How To Test Whether A Transformer Is Good Or Faulty?


The main principle on which transformers work is that every electrical field generates magnetic field and every magnetic field generates electrical field. There are many types of transformers available in the market today, each with a different purpose. If you want the best transformers, you can get in touch with Miracle Electronics, who not only provides the best-in-quality power transformers in India but, is also a leading EI transformer manufacturer in India. Whatever kind of transformer, it is very important to test it in order to know that it operates well.

First of all, you need to inspect the transformer visually. If the exterior of the transformer is bulgy or shows any kind of burn marks, don’t test the transformer. This may be a result of overheating, which is a common transformer failure. If the transformer seems alright visually, you can proceed ahead to test it. To do so, you must determine the wiring of the transformer. Obtain a schematic of the circuit containing the transformer to understand how it is connected. The schematic will be available in the product documentation or on the website of the circuit manufacturer.

Next, you must identify the inputs and outputs of the transformer. The electrical circuit that generates the magnetic field will be connected to the primary of the transformer. The other circuit that receives power from the magnetic field will be connected to the secondary of the transformer.

Now, determine the output filtering. You may attach capacitors and diodes to the transformer secondary to shape the AC power from the output into DC power. This filtering and shaping will be shown on the schematic.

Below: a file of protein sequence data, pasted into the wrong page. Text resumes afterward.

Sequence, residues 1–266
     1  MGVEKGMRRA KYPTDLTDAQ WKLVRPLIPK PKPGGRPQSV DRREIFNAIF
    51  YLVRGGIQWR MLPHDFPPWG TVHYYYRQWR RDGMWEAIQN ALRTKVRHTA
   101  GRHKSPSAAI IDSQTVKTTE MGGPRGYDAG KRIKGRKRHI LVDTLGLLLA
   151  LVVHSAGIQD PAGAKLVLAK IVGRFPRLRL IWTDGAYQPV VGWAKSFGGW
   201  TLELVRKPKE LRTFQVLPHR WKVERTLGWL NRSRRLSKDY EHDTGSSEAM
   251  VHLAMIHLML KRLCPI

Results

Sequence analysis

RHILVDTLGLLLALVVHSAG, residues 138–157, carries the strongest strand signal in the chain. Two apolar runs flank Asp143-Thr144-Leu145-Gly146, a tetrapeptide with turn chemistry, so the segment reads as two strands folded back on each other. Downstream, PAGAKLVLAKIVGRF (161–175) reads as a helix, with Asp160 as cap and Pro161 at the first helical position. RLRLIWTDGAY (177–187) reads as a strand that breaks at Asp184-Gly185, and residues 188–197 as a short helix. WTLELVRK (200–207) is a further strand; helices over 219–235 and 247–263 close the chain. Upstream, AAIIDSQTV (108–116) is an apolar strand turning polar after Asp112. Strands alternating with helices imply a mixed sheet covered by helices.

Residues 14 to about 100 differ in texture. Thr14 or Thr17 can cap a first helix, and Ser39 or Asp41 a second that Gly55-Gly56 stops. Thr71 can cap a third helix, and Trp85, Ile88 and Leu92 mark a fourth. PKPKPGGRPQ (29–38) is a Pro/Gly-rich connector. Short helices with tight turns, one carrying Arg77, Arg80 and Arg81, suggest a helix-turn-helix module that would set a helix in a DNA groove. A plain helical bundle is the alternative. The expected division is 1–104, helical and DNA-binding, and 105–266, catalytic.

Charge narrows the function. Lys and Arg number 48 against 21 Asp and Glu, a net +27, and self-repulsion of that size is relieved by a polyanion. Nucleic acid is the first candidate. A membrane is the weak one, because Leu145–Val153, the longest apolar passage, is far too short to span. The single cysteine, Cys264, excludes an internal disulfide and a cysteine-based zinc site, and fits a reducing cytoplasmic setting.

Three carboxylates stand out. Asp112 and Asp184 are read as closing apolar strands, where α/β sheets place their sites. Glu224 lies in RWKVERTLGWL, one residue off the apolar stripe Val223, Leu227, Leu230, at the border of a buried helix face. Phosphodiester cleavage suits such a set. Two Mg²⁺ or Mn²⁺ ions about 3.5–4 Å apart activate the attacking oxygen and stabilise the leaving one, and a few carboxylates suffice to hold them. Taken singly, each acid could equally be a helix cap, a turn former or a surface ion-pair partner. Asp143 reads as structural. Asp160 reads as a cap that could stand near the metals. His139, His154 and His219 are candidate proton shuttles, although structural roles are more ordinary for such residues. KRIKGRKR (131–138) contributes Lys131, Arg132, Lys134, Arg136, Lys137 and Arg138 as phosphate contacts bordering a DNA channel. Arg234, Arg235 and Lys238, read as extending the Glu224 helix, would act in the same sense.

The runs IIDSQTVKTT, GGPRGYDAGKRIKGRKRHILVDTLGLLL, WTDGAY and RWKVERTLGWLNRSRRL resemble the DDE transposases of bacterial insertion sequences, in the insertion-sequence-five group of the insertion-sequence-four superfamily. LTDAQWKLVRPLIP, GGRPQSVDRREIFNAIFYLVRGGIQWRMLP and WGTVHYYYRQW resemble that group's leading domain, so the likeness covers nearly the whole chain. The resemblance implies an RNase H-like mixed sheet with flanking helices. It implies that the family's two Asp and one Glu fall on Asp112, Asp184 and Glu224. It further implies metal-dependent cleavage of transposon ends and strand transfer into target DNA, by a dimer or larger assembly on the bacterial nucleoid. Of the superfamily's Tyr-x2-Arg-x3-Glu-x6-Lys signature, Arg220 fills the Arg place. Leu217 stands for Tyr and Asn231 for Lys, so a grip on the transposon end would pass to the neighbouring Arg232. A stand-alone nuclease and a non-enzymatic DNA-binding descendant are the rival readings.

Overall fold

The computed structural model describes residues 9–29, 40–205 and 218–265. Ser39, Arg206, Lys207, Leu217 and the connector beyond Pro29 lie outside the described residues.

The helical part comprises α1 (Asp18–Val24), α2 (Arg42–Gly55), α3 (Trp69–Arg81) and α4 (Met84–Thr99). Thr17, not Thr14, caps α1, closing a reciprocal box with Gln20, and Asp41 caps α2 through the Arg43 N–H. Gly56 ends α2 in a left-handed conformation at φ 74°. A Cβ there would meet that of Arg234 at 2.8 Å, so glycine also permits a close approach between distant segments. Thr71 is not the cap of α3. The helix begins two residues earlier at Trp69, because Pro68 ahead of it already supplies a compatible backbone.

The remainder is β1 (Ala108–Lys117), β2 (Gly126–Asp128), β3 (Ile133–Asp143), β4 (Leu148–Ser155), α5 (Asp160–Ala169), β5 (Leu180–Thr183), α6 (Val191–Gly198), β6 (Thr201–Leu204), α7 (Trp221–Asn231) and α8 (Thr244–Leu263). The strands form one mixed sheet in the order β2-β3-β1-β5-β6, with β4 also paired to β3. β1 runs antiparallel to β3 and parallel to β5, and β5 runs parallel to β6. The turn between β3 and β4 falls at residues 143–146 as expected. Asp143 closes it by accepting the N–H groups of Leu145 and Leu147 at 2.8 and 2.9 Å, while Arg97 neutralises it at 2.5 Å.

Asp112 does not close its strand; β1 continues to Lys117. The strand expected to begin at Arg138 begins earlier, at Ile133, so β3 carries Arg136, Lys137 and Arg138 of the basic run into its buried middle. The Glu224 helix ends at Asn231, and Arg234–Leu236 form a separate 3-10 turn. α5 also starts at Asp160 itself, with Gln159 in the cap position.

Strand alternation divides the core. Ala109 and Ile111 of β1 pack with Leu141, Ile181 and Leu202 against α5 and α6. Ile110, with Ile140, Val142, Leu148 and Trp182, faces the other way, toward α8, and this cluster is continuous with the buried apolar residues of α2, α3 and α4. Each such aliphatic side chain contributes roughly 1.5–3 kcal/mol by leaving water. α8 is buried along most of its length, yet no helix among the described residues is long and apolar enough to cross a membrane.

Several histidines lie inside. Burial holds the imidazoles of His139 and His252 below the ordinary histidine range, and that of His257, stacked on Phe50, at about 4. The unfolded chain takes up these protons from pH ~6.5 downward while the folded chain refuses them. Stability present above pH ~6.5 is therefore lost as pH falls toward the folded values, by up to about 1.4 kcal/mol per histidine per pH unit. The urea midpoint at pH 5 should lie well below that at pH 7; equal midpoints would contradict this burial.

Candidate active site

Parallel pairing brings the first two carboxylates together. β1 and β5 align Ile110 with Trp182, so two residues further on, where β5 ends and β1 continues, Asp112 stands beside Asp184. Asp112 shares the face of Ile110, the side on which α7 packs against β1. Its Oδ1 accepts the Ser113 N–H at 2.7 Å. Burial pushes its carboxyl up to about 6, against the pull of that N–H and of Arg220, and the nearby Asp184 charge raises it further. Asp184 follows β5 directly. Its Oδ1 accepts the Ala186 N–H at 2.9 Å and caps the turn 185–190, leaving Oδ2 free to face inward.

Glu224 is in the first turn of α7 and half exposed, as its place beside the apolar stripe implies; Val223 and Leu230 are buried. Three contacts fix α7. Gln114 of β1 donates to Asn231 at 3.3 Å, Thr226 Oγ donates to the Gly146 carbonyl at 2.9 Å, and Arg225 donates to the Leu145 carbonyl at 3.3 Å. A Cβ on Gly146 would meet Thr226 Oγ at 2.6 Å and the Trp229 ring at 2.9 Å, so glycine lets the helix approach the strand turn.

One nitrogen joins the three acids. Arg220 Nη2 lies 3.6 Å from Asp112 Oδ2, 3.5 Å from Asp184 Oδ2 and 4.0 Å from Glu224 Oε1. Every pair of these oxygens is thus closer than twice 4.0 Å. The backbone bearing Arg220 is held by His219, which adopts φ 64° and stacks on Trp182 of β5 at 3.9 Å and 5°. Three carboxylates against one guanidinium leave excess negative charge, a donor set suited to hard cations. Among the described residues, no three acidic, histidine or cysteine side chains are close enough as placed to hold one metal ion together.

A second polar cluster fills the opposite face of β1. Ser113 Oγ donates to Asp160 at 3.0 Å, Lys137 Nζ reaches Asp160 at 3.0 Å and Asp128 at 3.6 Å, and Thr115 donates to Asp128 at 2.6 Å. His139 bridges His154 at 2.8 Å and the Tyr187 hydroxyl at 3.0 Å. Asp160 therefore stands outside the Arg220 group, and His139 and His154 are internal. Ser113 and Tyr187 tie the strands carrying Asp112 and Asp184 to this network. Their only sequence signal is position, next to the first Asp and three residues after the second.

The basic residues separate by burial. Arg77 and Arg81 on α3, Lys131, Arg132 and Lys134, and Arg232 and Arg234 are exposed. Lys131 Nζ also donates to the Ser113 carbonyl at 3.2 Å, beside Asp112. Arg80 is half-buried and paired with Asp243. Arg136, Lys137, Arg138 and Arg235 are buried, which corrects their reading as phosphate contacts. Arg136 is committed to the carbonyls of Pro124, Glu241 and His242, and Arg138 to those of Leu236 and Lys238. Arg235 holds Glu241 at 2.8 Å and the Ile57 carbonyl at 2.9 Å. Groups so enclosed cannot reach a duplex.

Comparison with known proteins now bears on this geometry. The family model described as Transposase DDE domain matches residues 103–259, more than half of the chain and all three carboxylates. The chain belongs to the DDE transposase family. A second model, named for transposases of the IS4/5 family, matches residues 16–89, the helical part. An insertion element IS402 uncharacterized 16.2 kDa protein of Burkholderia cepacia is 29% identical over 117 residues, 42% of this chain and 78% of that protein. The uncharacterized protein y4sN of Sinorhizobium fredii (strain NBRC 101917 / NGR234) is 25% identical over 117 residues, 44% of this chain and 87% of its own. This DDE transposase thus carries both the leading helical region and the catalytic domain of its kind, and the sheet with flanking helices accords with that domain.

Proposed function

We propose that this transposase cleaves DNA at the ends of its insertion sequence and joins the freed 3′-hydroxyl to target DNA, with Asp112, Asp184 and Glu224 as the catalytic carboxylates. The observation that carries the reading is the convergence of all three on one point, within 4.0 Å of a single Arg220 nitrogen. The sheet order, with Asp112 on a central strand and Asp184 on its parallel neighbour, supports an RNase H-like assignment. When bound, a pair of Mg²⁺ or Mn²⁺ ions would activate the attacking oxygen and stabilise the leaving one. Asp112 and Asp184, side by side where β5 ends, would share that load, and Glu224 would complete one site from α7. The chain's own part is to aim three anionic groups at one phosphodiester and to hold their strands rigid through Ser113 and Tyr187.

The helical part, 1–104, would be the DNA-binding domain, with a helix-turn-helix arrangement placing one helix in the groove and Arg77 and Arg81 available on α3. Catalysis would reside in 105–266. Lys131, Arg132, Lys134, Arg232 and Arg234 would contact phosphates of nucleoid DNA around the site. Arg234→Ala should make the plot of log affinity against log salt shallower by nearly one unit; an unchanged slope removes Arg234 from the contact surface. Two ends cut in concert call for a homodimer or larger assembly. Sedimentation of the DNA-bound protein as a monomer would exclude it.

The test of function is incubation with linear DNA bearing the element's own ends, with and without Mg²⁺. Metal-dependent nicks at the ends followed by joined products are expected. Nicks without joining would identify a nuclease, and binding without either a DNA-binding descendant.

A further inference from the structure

Now, move towards preparing to measure circuit voltages. In order to gain access to the circuit, you need to remove covers and panels as necessary. Use a digital multimeter available at electrical supply stores to take the voltage readings. Now, use the digital multimeter in AC mode to measure the transformer primary by applying power to the circuit. If it measures less than 80% of the voltage that you expect, the fault maybe either in the transformer or the circuit. In such a case, the primary and the input circuit should be separated. If the input power shows the expected value, it means that there is a fault in the primary. While, if the input power does not show the expected value, the fault lies in the input circuit.

If there is no filtering or shaping in the secondary circuit, use the AC mode of the digital multimeter. But, if there is filtering and shaping, use the DC scale instead. It is obvious that if the expected voltage is not present on the secondary, there is a fault either in the transformer or a filtering/shaping component. In order to decide, you must test the filtering and shaping components separately. If this testing does not show any problems, it becomes obvious that the transformer is faulty.

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